3 Quick Takes / by B. Roche

I may not know this, but I have a blog.  I'm looking forward to a time when I can go long with various media thoughts.  For now, some quick takes:

Hush (Netflix)

I started Halloween viewing season with a bang. A deaf author has her home invaded by a masked murderer. They cat-and-mouse for 80 truly tense and terrifying minutes.  The great script (co-written by star Kate Siegel) piles reversal on top of reversal; fighting for one's life is exhausting.  The actor who plays the invader is supposed to be a surprise reveal, but he's excellent as a low-key, scarily pragmatic psycho.

The Greasy Strangler (VOD)

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On one hand, Greasy Strangler tries too hard to be the weirdest-ever cult movie; on the other hand, it succeeds. ("Damn you comedy, for making me laugh!," said no one.) 

There's nothing like this sad, disgusting story of a grease-obsessed older man and his adult son who give "disco tours" in pink short-shorts.  Basically, the most beautifully photographed YouTube zit-popping video.  

By the Sea (Redbox)

This was really good.  And very flawed.  There's an embarrassing bit when Pitt and Jolie are dancing and she pulls away from him and dances alone.  Her character used to be a dancer, their marriage is in crisis, Jolie has her own stuff going on, this dance is HER MOMENT OF CREATIVE EXPRESSION . . . and she just kinda shoulder-shuffles.  I'm amazed Jolie would allow this into a movie she herself directed.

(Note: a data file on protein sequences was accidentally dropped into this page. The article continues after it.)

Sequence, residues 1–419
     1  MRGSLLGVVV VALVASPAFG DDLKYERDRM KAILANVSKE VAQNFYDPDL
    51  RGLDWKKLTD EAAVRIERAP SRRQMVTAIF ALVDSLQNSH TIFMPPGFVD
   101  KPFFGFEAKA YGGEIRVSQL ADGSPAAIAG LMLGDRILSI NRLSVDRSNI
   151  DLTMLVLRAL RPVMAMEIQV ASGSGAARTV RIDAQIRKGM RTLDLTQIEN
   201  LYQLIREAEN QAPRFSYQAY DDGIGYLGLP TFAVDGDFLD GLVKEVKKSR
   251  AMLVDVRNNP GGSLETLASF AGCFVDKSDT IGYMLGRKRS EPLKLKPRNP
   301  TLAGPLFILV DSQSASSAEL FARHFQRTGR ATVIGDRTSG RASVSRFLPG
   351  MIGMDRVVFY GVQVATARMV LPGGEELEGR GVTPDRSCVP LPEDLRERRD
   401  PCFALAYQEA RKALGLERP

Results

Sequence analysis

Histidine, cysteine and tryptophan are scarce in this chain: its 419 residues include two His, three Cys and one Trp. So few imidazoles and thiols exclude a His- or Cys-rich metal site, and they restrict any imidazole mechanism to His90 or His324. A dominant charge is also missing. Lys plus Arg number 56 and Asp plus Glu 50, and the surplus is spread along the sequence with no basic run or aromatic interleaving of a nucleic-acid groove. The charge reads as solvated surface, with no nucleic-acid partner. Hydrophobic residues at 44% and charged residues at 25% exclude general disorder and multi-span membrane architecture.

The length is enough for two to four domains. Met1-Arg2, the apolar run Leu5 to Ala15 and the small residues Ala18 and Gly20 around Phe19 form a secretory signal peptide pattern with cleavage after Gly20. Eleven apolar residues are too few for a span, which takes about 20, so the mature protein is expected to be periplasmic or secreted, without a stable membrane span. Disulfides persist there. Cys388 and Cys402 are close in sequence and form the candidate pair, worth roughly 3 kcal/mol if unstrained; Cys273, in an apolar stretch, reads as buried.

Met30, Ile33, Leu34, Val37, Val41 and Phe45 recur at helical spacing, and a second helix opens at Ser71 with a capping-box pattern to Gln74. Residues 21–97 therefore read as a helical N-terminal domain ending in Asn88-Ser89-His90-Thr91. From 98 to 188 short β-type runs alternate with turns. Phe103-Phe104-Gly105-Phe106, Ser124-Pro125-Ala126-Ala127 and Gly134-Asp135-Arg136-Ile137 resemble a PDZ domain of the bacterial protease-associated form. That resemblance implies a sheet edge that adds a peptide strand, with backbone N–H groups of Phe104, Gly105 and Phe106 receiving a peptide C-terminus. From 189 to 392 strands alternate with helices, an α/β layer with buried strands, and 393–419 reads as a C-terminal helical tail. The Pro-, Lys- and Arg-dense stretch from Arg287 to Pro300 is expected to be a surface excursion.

But that's why By the Sea was so compelling, despite missteps: Angelina Jolie is putting her emotional reality, her feelings about love and relationships, right up on to the screen.  And I love that it takes place at a picturesque seaside hotel in France, yet Jolie and Pitt mostly hide away in their hotel room.

Jolie's visuals are impeccable. Like Wes Anderson, she appreciates how things - clothes, cars, sunglasses - can be extensions of the people who use them.  

The script is really good; there's a hole in the wall of Pitt and Jolie's hotel room.  They become obsessed with watching the honeymooning couple in the next suite.  This new couple is their life raft in troubled waters.

Even though it's her showcase, Jolie cedes most (too much, really) of the spotlight to Pitt.  His performance is somewhat gruff and marked by a coiled silence. Not his nicest moment, but he feels very seen, in a way only one's spouse could see.  

By the Sea seems already doomed to live on as a fiasco.  It's worth a look.